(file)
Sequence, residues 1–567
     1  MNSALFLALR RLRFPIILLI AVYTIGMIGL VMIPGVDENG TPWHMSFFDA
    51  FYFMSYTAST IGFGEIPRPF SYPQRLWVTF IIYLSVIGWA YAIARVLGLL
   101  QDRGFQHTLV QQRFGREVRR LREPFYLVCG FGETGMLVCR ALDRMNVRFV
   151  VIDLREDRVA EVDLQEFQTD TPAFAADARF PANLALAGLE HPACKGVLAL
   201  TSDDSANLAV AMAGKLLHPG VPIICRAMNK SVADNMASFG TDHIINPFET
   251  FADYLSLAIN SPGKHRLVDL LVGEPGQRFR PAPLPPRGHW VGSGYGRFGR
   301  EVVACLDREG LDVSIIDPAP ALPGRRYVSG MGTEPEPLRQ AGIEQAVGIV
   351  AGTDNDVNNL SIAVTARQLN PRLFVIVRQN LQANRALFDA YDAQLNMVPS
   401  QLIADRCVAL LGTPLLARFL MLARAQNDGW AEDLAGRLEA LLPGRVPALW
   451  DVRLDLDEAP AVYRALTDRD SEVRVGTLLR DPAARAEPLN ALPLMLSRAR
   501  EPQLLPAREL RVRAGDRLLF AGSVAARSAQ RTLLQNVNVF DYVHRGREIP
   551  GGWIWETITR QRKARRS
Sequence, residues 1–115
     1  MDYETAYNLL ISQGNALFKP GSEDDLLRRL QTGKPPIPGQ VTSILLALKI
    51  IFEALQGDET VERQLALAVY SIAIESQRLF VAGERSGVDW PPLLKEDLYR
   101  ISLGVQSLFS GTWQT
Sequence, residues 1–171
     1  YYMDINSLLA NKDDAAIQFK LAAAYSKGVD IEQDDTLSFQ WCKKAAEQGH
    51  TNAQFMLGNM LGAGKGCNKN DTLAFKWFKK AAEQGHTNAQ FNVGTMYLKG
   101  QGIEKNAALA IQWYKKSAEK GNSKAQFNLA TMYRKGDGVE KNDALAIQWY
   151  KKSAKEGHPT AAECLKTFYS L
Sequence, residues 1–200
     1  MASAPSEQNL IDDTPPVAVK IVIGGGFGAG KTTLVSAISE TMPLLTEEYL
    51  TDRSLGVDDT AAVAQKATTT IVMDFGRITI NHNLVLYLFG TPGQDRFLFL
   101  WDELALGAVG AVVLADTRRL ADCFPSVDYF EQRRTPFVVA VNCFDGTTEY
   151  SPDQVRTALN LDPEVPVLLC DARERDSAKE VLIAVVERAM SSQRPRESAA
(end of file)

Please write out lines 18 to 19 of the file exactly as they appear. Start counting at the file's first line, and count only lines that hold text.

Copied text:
Sequence, residues 1–171
     1  YYMDINSLLA NKDDAAIQFK LAAAYSKGVD IEQDDTLSFQ WCKKAAEQGH